Shortly after gold was discovered in the foothills of California’s Sierra Nevada Mountains, seekers of the precious metal begin prospecting in distant areas of California. Three of these explorers, working their way south from Crescent City discovered a thin layer of fine gold coating the beach sands here. As the waves crashed into the bluffs, they tore away some of the rocks and gravel and dragged them, along with minor amounts of gold, back towards the ocean. Because gold is five times heavier than the beach sand, it hung back as the sand was washed away and down into the ocean, leaving a single layer of golden residue that gleamed in the sun.

The three prospectors wrapped their excitement in a pledge of secrecy as they made their way to San Francisco. They spent their treasure there on supplies and mining equipment and not just a little on whiskey at a local cantina. The alcohol soon un-stitched their lips, sealed earlier by a blood-brother promise of secrecy, and their gold strike quickly became the talk of the town. Shortly after their return to Gold Bluffs Beach, the trio was overrun by prospectors arriving on foot, on horseback and upon passing ships, from which they jumped and swam in, eager to share in the wealth.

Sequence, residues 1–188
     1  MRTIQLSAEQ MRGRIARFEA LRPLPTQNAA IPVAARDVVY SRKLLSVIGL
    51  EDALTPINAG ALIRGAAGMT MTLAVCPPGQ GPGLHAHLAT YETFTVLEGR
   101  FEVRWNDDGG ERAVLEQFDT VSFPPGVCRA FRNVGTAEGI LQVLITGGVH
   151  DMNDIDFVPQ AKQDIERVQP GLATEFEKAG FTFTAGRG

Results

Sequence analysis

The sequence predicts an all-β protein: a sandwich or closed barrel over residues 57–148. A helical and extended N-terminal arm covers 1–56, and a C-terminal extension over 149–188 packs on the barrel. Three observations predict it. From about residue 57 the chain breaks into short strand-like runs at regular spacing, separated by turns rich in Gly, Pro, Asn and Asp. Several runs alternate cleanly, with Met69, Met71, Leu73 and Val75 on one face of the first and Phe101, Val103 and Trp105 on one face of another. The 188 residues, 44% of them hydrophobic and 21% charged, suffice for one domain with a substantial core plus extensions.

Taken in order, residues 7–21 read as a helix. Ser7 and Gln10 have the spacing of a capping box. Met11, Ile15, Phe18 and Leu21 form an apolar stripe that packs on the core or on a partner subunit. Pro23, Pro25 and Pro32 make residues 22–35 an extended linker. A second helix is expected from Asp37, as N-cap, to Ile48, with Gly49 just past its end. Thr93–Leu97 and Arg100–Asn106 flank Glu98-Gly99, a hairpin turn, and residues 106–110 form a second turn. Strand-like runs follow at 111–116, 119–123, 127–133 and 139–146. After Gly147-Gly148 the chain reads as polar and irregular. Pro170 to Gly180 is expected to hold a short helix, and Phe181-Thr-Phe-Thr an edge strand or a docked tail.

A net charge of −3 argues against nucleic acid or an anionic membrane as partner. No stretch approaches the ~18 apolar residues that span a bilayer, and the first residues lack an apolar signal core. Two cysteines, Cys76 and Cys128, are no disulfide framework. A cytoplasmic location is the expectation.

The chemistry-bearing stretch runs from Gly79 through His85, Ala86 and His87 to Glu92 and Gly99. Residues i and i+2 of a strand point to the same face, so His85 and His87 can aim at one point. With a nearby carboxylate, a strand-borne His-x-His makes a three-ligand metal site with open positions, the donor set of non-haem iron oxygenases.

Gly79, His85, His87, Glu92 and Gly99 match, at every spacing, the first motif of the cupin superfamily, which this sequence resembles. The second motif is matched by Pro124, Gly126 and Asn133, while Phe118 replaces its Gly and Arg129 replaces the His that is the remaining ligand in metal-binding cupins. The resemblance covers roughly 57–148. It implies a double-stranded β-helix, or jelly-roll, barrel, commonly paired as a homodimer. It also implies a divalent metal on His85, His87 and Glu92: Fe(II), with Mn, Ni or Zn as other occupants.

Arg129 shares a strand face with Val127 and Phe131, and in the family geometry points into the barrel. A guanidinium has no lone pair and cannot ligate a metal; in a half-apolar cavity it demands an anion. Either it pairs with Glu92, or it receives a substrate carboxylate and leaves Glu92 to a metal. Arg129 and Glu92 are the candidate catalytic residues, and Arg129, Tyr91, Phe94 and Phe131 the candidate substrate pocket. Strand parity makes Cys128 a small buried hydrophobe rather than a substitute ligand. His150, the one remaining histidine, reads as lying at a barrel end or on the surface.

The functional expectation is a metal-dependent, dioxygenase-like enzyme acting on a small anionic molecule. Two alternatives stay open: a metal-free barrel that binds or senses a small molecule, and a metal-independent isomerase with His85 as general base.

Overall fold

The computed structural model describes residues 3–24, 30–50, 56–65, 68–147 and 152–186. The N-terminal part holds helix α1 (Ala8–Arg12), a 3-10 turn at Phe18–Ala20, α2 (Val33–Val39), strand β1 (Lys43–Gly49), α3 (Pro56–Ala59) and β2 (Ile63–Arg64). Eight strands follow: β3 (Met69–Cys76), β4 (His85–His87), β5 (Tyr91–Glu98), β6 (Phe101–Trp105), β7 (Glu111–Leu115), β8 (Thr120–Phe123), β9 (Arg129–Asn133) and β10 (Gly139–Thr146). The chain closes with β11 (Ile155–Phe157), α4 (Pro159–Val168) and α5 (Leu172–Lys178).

Unfortunately, although touted by Bay Area newspapers as the new California gold rush of historic proportions, the fine flakes of gold soon panned out and the only profits to be made were by those who brought in supplies,
whiskey and women.

After passing though a couple of shallow creeks, Davison Road ends at a paved parking lot. There are rest rooms here along with picnic tables. A sign reminds visitors that dogs are not allowed along the Canyon trail. Another sign reveals some of the more interesting facts about the Canyon and its unusual plant and animal residents.

Photograph of ancient tree at entrance to Fern Canyon.

"Old man" tree alongside the trail leading to the canyon entrance.

Photograph o Piggyback plant in Fern Canyon.

"Piggyback" plant growing alongside Home Creek in Fern Canyon.